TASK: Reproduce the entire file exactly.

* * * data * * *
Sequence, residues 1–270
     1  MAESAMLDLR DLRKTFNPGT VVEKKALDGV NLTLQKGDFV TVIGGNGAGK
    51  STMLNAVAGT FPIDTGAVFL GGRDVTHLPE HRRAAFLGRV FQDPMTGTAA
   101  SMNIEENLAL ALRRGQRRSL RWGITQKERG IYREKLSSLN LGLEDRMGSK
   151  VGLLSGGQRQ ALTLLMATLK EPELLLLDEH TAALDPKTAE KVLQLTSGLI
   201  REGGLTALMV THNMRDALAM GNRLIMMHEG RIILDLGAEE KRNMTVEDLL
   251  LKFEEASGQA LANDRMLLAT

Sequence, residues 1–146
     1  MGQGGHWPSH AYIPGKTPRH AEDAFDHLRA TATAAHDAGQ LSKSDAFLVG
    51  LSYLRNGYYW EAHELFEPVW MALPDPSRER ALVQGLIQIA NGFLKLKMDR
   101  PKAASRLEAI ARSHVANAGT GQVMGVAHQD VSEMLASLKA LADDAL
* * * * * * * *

Sequence, residues 1–270
     1  MAESAMLDLR DLRKTFNPGT VVEKKALDGV NLTLQKGDFV TVIGGNGAGK
    51  STMLNAVAGT FPIDTGAVFL GGRDVTHLPE HRRAAFLGRV FQDPMTGTAA
   101  SMNIEENLAL ALRRGQRRSL RWGITQKERG IYREKLSSLN LGLEDRMGSK
   151  VGLLSGGQRQ ALTLLMATLK EPELLLLDEH TAALDPKTAE KVLQLTSGLI
   201  REGGLTALMV THNMRDALAM GNRLIMMHEG RIILDLGAEE KRNMTVEDLL
   251  LKFEEASGQA LANDRMLLAT

Sequence, residues 1–146
     1  MGQGGHWPSH AYIPGKTPRH AEDAFDHLRA TATAAHDAGQ LSKSDAFLVG
    51  LSYLRNGYYW EAHELFEPVW MALPDPSRER ALVQGLIQIA NGFLKLKMDR
   101  PKAASRLEAI ARSHVANAGT GQVMGVAHQD VSEMLASLKA LADDAL